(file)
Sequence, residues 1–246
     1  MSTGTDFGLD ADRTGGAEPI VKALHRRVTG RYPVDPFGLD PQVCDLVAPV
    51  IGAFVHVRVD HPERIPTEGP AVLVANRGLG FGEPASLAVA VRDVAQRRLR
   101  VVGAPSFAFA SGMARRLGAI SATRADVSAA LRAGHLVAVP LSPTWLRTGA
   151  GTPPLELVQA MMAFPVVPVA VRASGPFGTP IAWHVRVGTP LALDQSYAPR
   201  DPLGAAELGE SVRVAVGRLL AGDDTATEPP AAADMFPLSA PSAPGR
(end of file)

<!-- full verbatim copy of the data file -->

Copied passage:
Sequence, residues 1–246
     1  MSTGTDFGLD ADRTGGAEPI VKALHRRVTG RYPVDPFGLD PQVCDLVAPV
    51  IGAFVHVRVD HPERIPTEGP AVLVANRGLG FGEPASLAVA VRDVAQRRLR
   101  VVGAPSFAFA SGMARRLGAI SATRADVSAA LRAGHLVAVP LSPTWLRTGA
   151  GTPPLELVQA MMAFPVVPVA VRASGPFGTP IAWHVRVGTP LALDQSYAPR
   201  DPLGAAELGE SVRVAVGRLL AGDDTATEPP AAADMFPLSA PSAPGR